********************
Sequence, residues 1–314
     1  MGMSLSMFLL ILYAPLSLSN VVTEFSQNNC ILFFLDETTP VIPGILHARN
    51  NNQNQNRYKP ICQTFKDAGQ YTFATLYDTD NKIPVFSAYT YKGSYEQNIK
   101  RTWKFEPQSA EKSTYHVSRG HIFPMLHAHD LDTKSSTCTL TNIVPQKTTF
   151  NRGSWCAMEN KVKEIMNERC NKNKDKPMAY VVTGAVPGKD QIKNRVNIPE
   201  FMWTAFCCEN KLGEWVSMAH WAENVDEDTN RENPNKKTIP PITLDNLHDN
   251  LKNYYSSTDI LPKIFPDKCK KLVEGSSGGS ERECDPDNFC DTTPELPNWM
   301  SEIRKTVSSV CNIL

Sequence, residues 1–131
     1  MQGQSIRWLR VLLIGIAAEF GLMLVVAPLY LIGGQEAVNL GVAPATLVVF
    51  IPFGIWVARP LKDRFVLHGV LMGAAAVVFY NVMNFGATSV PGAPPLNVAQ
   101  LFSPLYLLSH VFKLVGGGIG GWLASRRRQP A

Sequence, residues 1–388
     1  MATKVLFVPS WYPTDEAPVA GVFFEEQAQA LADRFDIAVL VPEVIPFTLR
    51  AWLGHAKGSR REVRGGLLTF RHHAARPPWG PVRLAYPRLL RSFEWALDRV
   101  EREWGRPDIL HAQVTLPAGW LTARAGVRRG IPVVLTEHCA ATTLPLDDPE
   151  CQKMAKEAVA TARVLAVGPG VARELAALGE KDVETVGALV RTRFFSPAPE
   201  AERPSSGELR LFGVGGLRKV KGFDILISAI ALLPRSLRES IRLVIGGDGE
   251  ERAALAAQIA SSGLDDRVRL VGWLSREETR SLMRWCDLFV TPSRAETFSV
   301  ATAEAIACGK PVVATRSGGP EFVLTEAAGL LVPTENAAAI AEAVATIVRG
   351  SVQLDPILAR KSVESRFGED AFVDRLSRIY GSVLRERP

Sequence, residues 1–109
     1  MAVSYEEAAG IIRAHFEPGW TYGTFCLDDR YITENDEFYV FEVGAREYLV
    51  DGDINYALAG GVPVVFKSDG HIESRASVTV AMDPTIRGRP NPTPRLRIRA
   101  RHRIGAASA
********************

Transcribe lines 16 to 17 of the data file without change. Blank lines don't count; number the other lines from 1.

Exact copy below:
   101  EREWGRPDIL HAQVTLPAGW LTARAGVRRG IPVVLTEHCA ATTLPLDDPE
   151  CQKMAKEAVA TARVLAVGPG VARELAALGE KDVETVGALV RTRFFSPAPE